Argo, an undervalued asset manager with a potential catalyst

Some of the best investment opportunities are the hardest to write about, the stocks are plain cheap and there isn't much to say.  I've heard it said in the past that there are stocks that make good stories and there are stocks that make good investments.  My goal on this blog has always been to find stocks that could potentially be good investments, and if they have a great story attached all the better.  Argo has a mixture of both.

I first came across Argo and wrote about them a year and a half ago.  They came up on a net-net screen I ran for profitable net-nets trading in the UK.  I spend a few hours reading their annual reports and ended up purchasing shares.  At some point between then and now I doubled my investment, the date or reason doesn't matter because the thesis (and price!) has stayed the same since then.

The Argo Group Limited (ARGO.London) is an alternative asset manager.  The company manages a number of emerging market fixed income hedge funds.  In their admission document to the AIM they make they claim that they seek to be fundamental value investors in the emerging fixed income space.  The funds invest in fixed income, special situations, local currencies, interest rate strategies, private equity, real estate, and quoted equities.  The only things I didn't seen mentioned in that list were gold and farmland.  As most investors know asset management is a great business model, fixed costs are low and the business is scalable.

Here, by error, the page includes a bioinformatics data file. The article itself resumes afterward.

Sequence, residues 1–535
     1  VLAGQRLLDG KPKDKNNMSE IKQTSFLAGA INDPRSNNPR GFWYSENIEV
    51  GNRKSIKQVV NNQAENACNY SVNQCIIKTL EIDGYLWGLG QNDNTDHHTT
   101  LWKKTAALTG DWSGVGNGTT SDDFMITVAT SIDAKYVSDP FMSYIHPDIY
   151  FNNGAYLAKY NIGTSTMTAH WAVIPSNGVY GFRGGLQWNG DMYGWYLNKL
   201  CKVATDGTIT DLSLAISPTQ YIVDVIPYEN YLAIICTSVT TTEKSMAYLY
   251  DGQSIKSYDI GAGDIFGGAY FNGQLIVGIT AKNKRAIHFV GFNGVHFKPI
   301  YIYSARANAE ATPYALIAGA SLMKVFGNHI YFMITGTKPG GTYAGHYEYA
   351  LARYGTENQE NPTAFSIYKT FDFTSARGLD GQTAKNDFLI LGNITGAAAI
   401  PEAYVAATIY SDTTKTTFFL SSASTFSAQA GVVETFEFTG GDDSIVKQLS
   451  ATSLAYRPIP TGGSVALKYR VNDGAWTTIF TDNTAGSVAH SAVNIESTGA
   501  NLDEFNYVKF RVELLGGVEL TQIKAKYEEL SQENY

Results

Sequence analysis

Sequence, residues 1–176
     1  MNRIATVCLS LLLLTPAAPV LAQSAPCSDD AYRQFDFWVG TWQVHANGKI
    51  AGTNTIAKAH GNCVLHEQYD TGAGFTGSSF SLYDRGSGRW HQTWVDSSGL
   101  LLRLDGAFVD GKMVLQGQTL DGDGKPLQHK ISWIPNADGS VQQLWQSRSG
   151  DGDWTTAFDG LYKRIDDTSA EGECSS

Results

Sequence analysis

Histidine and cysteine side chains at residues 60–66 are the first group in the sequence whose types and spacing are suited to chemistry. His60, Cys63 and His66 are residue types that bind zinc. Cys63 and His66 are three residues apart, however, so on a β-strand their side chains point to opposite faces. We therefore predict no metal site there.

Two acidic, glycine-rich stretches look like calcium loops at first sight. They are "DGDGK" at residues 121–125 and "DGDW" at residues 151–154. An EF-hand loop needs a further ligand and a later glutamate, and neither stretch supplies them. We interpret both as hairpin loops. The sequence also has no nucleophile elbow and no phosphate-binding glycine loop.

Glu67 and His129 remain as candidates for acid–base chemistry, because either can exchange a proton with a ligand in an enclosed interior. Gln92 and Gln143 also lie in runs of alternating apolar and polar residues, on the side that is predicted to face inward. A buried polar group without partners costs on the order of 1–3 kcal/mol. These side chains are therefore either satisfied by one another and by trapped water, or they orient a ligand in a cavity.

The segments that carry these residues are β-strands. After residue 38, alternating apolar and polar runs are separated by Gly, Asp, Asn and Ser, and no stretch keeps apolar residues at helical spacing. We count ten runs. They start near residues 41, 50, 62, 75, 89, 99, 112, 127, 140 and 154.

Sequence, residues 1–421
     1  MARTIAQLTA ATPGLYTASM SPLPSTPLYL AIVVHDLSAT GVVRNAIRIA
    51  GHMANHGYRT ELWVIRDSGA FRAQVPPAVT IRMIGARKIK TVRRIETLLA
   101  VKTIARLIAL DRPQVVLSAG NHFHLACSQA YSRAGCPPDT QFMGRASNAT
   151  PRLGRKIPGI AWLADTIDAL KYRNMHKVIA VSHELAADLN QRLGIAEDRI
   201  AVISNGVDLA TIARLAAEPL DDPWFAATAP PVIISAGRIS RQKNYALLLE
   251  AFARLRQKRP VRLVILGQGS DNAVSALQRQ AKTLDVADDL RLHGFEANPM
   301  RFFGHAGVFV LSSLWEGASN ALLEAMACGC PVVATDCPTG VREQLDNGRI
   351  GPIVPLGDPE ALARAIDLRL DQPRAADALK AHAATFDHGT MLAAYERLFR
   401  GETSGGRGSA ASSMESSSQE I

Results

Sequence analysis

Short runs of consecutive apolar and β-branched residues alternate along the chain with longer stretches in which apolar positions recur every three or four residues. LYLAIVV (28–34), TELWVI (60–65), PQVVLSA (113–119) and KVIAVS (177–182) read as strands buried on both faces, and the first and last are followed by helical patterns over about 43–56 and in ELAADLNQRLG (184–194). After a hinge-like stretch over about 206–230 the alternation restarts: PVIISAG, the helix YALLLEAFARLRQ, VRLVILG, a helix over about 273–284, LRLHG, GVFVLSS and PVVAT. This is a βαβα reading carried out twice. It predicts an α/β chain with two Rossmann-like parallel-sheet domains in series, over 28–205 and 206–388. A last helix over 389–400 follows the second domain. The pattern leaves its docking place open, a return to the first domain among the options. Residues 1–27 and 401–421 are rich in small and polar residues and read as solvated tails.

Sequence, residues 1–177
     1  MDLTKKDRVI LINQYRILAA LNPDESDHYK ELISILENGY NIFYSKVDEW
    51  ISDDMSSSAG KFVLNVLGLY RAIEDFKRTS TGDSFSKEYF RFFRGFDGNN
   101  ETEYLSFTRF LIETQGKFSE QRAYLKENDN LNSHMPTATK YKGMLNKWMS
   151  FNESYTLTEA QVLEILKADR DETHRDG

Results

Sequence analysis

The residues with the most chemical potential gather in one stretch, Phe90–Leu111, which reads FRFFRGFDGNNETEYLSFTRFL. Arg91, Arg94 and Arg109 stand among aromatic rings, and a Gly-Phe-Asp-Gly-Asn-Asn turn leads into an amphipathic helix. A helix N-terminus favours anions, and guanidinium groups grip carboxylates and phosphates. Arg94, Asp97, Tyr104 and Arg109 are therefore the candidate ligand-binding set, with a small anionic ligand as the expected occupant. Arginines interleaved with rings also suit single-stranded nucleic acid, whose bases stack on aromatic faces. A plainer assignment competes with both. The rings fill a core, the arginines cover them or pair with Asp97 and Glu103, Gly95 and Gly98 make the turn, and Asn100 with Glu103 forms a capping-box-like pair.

The company came into being publicly traded through a strange set of circumstances.  Initially Argo was founded by the Rialas brothers, Andreas and Kyriakos.  The company was privately held and was fairly successful.  Assets under management grew significantly, and their funds won a number of awards.  The success didn't go unnoticed as they were acquired by Absolute Capital Management Holdings in 2007.  Absolute Capital Management Holdings Limited was a Swiss hedge fund firm that traded in London.  Absolute Capital Management hit a rocky patch as the founder left in 2007 and it was revealed that he put more than half of their biggest funds' assets into highly illiquid pink sheets.  Not only did they invest in illiquid stocks they also worked with another party to manipulate the price of the pink sheet stocks to inflate the NAV of their flagship fund.

While Absolute Capital Management hemorrhaged assets the Rialas brothers wanted a clean break from the troubled parent.  They engineered a spin-off of the Argo assets before Absolute Capital Management folded.  

There are some other aspects of the company's history that are fascinating, but ultimately they aren't relevant to the main reason why Argo is worth considering.  The biggest attraction to Argo is that they're a net-net, and not only a net-net, but a net-net with a decent asset management business along for the ride.

The company has a NCAV of £15.98 against a marketcap of £8.34, the company's NCAV is almost double the last trade.  The company had an operating profit of £411 in the first semester this year.  They reported a loss due to a goodwill write down.  The company's balance sheet has almost no liabilities and assets consist of cash, receivables, and an investment in their flagship fund.  

The company has significant earning power even at their lower asset levels, last year they earned £1.36m on close to $400m in assets.  The first semester this year they paid out £870,000 in dividends. 

Before moving on I want to highlight that Argo is trading at half of their net current asset value.  In addition they have reasonable earning power for a fund their size, and pay out most of their profits as dividends.  While shareholders sit and wait for Argo to appreciate towards its true value they're paid close to a 10% yield, the dividend yield alone is satisfactory for most investors.